In daily fantasy hockey, like in most things, getting the fundamentals down is integral toward laying a foundation of knowledge to build from as you progress as a player. We go over GPPs, with a definition and how to approach using them in everyday strategy.
GPP stands for guaranteed prize pool. These are contests in which a smaller percentage of lineups will cash, but the prize pool is much larger. Some GPPs will have over 100,000 entries available while others will have 25 or so. Usually the high-pop GPPs will have lower entries, enticing players to make multiple lineups to try and hit big. Usually around 25-30% of lineups will cash in GPPs and tournaments.
Similar to the cash-game breakdown, we’ll go about this position-by-position. Starting with forward, these will be the most important picks you make in your lineup. In order for us to hit big in a GPP, we’ll need one of the higher scoring line stacks on the slate. The thing is, we can use the same type of thinking as in cash games, chasing the most obvious option. In GPPs because of how many entries there are, we’ll need leverage in some form.
The best way to get leverage is to pivot off of the popular line stack and onto another one. First, you’re probably saying, “Ben, why don’t we just go after one-off plays that give us the best value?” The reason we don’t want to do that is because that strategy is way too volatile. Without any correlation, it’s very risky to use one-off plays. Line stacking is more of an all-in strategy, but it’s the one that will pay off the most if done correctly.
Anyway, getting back to pivoting. So let’s say the Lightning have a killer matchup against the Detroit Red Wings. Just that statement alone means the Bolts’ first line of Steven Stamkos, Brayden Point and Nikita Kucherov will garner high ownership. An easy way to get leverage would be to pivot to either the second or third lines in hopes one of those pops. So Ondrej Palat, Alex Killorn and Anthony Cirelli may not be as talented and may still have some ownership, but will still provide us some leverage. We also get a little bit of PP1 exposure with Killorn in case TBL1 goes off.
If you are looking for 1-2 one-off plays to surround a line or PP stack, in GPPs we want forwards with the highest ceiling possible. We’ll need to consider recent form, matchup and shots + blocks percentage coupled with a strong scoring stat. Think points/60 minutes or shooting percentage.
The great part about defensemen in NHL DFS, particularly for GPP lineup construction, is the inflation on the elite options. There will be a handful of defensemen who are priced up as if they were forwards, usually D-Men who see a lot of ice time per game and who score at a high clip while providing a good amount of shots. Generally, with the high prices comes lower ownership compared to forwards. There will almost always be defensemen who are priced up but won’t have a ton of ownership, perhaps because of a matchup or because of a cold streak.
A good way to get leverage while also saving some salary is targeting defensemen who strictly operate on the power play. Obviously, this defenseman will also skate time at even-strength but his core value lies in what he does at the point on the power play. A few good examples include Keith Yandle, Neal Pionk and Rasmus Dahlin, all who have scored around 50% of their points with the man-advantage this season. Depending on the matchup, we should be able to get all three around the $4-5K range on DraftKings.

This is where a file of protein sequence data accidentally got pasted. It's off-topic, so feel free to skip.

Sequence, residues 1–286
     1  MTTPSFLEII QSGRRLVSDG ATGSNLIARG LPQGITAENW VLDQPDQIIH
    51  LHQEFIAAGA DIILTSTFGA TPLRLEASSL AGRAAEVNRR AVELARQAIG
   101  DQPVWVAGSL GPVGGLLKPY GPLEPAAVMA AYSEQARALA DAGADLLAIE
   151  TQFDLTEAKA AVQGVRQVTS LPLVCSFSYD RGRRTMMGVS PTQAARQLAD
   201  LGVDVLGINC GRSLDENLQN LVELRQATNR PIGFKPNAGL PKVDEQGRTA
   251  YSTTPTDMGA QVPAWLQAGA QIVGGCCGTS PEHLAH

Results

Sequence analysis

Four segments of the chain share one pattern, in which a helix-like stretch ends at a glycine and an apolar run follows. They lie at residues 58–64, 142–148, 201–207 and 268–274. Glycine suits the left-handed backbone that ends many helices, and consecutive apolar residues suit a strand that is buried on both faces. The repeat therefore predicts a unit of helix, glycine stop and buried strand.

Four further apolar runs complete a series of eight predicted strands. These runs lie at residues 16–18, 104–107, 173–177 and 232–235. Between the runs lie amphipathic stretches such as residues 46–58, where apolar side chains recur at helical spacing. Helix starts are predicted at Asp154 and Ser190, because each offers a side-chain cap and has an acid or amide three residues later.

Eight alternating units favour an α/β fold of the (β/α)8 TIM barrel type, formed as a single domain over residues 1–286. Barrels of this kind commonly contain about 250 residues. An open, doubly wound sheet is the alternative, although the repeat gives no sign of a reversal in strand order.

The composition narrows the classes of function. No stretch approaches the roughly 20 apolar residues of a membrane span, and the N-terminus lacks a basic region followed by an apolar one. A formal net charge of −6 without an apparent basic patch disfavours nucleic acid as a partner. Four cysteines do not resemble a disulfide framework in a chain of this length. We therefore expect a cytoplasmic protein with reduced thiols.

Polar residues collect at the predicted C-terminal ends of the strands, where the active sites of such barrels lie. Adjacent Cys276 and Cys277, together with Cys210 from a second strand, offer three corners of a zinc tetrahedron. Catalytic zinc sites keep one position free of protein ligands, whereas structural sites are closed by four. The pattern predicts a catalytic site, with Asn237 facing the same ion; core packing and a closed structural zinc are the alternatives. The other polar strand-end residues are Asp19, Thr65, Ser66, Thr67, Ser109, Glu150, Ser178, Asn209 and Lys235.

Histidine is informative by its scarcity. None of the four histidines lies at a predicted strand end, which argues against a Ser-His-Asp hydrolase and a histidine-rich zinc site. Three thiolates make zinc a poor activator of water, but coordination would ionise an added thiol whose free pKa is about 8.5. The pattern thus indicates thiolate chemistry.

So we’ve looked at top options, we shown how to identify some mid-range plays, now let’s get to the good part: Value. Cheap defensemen are going to be our best source of value in GPPs. Like with all things NHL DFS, we want to look at guys who are cheap who have a decent shots + blocks percentage. These are guys who are going to hit value pretty easily given their price.
These also could be chalky options, so we need to think against the grain and find some upside. This could mean, again, looking at a guy who gets some exposure to the PP — whether it be the first or second unit. It could also be a cheap D-Man who sees a lot of ice time on a strong offensive team, increasing his chance of getting us a point or two. Value at defense is almost always going to be the key to unlocking a top line or PP stack.
Your strategy at goaltender really isn’t going to change much from cash games. This is mostly because of the scoring update. We’d usually want to chase wins in cash games and chase a high amount of saves and leverage in GPPs. Now, we know that wins aren’t everything, so chasing a high amount of saves with leverage, plus win potential. In high-pop GPPs, hitting on the highest scoring — or one of the higher scoring goalies — will be key.
An easy way to figure out which goalie is in a good position is looking at betting info. We’d potentially want a goalie who is on a team that is favored, but in a matchup that may not be forgiving. Really, goals allowed won’t matter at all. Even if you allow 3-4 goals, it doesn’t matter as long as we reach that 35+ save mark. Generally teams that allow a lot of shots and are against an opponent that generates a lot of shots will be in a good spot for GPPs. Jets G Connor Hellebuyck and Lightning G Andrei Vasilevskiy are going to usually be great GPP options, granted they’ll garner high ownership.
It’s not a bad idea to take a shot on goalies on bad teams. We’ll be able to use the savings to pay up for those line stacks and we know we’ll be getting built in leverage because people are worried about not getting the win. Don’t worry about win equity as much. If a bad goalie on a losing team reaches 35+ saves on a night, they will almost ALWAYS bring back value. The more unique your GPP lineup is the better chance you’ll have of taking down the big purse.